Should I kill a pig?

At the last English conversation group, Arturo, who spends his summers in the Dolomites with a herd of cattle, announced that he had something interesting for me to do. He knows I like to experience Italian life, warts and all. The following day, he had to kill a pig, and he thought I might like to do it.

Every instinct told me not to agree to it, but I had to wrestle with my conscience and possible hypocrisy. I’m happy to eat bacon, so why should I be squeamish about its origin? In the end, I decided to do it, but not this time. I felt I needed more time to prepare myself. I can reassure myself that Arturo is a gentle man who would never cause undue suffering, but could I actually pull the trigger? Watch this space.

This entry was posted in Italy. Bookmark the permalink.

2 Responses to Should I kill a pig?

  1. Geoff says:

    In the Lincolnshire fenland we in the late forties-early fifties our family raised a pig every year to be killed for food – usually it was the ‘wreckling’ [runt] of the one sow’s production, and needed looking after initially to keep it alive, and then was fed mainly on boiled potatoes and other veg – no shortage of those on a farm. We also had a big kitchen garden – huge range of veg, also an orchard – apples, pears, plums and bought very little – just a Sunday joint. The flanks and hams of the pig were salted (mainly by my mother) and then hung from the ceiling of our living room for a number of weeks, and it kept us in meat for the year. Also eggs from hens, and the cockerel for Christmas. My mother was great at doing the sausages, haslet, pork pies, and the ‘fry’ – I generally took round to neighbours a gift or a fry-up of fresh tender diced pork including pieces of kidney and liver. I have never had such good pork and spare ribs since then. Let us not forget the stuffed chine – parts of the backbone with meat each side, deeply incised and stuffed with parsley, then boiled and left to cool overnight and served cold with mustard – a Fenland speciality, a strong, acquired taste! Looks very Italian – red white green. Google ‘stuffed chine image’.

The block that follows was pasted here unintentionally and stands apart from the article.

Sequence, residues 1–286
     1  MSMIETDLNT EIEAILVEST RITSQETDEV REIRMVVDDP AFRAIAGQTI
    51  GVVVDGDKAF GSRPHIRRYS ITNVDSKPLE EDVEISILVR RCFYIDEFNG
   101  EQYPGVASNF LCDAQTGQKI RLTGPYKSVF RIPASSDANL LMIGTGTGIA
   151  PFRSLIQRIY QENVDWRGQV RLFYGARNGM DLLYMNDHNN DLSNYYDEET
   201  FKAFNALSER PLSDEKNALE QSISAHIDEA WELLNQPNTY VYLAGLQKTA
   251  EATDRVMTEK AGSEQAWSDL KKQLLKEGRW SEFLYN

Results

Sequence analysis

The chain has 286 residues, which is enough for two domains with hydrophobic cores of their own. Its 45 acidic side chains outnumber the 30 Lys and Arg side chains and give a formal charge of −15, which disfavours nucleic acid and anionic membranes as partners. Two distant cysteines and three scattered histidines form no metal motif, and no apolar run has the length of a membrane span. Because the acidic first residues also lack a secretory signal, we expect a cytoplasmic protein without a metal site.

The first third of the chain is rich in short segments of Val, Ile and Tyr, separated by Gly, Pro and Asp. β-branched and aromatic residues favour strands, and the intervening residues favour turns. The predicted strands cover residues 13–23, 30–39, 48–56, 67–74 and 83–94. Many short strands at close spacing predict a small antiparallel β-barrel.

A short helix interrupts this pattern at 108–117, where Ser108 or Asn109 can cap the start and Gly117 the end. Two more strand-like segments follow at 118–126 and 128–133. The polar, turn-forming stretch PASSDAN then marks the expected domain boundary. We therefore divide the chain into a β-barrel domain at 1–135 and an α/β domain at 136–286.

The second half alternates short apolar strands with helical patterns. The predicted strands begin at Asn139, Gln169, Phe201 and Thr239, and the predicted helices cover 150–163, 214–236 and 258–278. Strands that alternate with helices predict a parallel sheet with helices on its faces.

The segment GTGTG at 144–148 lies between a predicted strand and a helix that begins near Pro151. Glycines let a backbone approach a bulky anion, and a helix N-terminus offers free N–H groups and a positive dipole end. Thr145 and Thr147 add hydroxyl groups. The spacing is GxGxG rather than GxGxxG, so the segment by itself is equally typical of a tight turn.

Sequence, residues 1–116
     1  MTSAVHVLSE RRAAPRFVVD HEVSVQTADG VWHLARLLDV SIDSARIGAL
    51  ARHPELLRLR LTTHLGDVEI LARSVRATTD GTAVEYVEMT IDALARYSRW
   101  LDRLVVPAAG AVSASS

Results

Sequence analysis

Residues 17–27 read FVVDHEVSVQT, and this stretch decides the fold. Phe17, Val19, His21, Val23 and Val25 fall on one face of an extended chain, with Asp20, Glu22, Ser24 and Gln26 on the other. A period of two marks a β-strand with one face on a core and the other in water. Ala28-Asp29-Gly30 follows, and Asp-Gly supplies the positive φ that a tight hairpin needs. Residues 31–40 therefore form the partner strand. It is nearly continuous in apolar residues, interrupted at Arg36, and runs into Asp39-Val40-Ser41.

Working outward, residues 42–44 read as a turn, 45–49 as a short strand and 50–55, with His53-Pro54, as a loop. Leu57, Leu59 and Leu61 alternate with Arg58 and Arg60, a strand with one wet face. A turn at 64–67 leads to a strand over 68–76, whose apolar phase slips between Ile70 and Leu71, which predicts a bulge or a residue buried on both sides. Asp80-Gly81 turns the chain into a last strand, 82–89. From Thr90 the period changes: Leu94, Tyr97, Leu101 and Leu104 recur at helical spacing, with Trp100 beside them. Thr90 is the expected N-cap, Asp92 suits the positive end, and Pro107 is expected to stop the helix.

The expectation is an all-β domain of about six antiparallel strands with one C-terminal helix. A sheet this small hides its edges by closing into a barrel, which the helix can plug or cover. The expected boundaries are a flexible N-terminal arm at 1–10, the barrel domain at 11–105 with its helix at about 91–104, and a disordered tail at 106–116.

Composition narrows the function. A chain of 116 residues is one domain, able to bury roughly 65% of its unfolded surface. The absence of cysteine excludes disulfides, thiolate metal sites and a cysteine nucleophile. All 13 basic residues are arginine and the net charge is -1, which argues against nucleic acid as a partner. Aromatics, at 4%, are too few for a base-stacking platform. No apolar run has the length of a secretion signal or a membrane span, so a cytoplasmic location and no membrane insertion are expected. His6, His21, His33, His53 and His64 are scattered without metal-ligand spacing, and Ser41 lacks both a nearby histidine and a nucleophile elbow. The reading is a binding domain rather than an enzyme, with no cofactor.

I seem to remember the pig was killed in winter, when the ‘pig-killer’ came round – I think it might have been a butcher – or at least had butchering skills. I was kept away from the actual killing – which in the early days, I understand, was done by hammering a metal bolt into its brain to stun it, then slitting its throat – which might cause a lot of squealing – is my memory of hearing that a false one? Later a gun was used – much neater and quicker. The pig was then hauled up on a ‘cratch’ and hung from three two-three metre poles and cut up – first the belly slit to allow the innards to fall out, then the skin shaved using boiling water, and the whole pig properly butchered. It took all day.

    In the seventies or eighties the European Union rules ensured killing of animals for food had to be done in properly equipped abattoirs and uncle-in-law – a butcher – had to stop doing his own killing. Perhaps this isn’t adhered to in Italian villages, or does not apply universally. Do you know whether you will just have to pull the trigger, or any of the other work? I hope you get to see it a least and see how it happens after the killing. As you say, if we eat bacon why should we not be prepared to play our part in the killing of the animal?

  2. Myra Robinson says:

    Thank you very much for this account and the details of your childhood! I’m going back to Italy next week, and will no doubt see Arturo unless he has already departed to take his herd up into the Dolomites for the summer months. I shall definitely do the deed if it is offered again.